Kutashasana, aka: Kuta-shasana, Kūṭaśāsana; 4 Definition(s)


Kutashasana means something in Hinduism, Sanskrit, the history of ancient India, Marathi. If you want to know the exact meaning, history, etymology or English translation of this term then check out the descriptions on this page. Add your comment or reference to a book if you want to contribute to this summary article.

The Sanskrit term Kūṭaśāsana can be transliterated into English as Kutasasana or Kutashasana, using the IAST transliteration scheme (?).

Languages of India and abroad

Marathi-English dictionary

Kutashasana in Marathi glossary... « previous · [K] · next »

kūṭaśāsana (कूटशासन).—n S A forged or false grant or decree.

Source: DDSA: The Molesworth Marathi and English Dictionary
context information

Marathi is an Indo-European language having over 70 million native speakers people in (predominantly) Maharashtra India. Marathi, like many other Indo-Aryan languages, evolved from early forms of Prakrit, which itself is a subset of Sanskrit, one of the most ancient languages of the world.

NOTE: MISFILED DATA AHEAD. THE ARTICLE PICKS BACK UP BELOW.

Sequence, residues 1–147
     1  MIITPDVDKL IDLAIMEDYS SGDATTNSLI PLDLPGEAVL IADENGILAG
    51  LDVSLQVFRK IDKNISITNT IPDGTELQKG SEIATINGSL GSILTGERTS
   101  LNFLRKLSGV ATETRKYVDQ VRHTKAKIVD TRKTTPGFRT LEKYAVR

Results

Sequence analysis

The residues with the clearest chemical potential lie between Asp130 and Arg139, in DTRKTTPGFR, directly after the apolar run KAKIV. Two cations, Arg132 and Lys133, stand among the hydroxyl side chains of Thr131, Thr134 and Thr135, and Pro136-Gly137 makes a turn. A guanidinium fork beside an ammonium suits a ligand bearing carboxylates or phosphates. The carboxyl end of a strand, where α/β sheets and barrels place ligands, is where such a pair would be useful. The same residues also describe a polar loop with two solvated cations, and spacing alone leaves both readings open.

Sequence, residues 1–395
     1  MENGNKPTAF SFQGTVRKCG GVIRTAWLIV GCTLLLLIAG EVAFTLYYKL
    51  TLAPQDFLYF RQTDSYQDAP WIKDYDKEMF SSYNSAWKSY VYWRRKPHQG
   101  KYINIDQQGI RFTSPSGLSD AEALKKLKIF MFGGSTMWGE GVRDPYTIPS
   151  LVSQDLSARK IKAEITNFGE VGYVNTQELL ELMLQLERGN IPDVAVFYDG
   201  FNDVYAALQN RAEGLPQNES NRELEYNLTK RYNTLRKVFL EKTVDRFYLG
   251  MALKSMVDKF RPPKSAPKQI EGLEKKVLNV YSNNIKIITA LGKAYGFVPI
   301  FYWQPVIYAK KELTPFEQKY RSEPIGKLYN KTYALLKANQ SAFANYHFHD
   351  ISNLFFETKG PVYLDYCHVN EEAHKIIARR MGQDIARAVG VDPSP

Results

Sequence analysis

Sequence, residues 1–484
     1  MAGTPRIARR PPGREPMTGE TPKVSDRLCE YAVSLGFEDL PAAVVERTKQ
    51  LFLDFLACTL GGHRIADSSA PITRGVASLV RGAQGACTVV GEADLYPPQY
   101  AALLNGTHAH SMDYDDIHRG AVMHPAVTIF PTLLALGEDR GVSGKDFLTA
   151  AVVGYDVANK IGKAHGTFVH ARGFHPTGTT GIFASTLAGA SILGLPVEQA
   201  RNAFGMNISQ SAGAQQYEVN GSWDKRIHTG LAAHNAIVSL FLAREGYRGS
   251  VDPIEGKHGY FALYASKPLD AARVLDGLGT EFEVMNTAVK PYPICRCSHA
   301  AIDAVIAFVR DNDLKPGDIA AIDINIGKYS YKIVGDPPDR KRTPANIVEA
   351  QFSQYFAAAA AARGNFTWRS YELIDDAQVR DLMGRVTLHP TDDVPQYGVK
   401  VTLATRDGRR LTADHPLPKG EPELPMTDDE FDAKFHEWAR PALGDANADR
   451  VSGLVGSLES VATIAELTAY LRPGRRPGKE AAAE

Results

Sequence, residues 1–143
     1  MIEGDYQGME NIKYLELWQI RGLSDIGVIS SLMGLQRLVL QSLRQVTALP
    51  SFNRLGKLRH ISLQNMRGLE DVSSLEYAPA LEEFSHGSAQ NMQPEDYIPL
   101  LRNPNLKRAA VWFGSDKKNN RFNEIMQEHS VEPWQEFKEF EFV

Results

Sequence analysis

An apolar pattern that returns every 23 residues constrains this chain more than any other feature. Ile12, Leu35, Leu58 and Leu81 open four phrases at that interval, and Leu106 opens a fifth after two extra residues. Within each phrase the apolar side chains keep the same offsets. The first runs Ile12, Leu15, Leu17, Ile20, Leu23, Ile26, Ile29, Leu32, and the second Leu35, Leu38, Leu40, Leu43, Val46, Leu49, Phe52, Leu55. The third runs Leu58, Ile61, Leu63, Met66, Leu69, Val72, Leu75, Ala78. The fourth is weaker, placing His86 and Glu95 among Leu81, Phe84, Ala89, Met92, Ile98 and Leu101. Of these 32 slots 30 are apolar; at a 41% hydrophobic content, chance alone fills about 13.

Discover the meaning of kutashasana or kutasasana in the context of Marathi from relevant books on Exotic India

Sanskrit-English dictionary

Kutashasana in Sanskrit glossary... « previous · [K] · next »

Kūṭaśāsana (कूटशासन).—a forged grant or decree; Ms.9.232.

Derivable forms: kūṭaśāsanam (कूटशासनम्).

Kūṭaśāsana is a Sanskrit compound consisting of the terms kūṭa and śāsana (शासन).

Source: DDSA: The practical Sanskrit-English dictionary

Kūṭaśāsana (कूटशासन).—n.

(-naṃ) A forged or false grant or decree. E. kūṭa, and śāsana a grant, &c.

Source: Cologne Digital Sanskrit Dictionaries: Shabda-Sagara Sanskrit-English Dictionary
context information

Sanskrit, also spelled संस्कृतम् (saṃskṛtam), is an ancient language of India commonly seen as the grandmother of the Indo-European language family. Closely allied with Prakrit and Pali, Sanskrit is more exhaustive in both grammar and terms and has the most extensive collection of literature in the world, greatly surpassing its sister-languages Greek and Latin.

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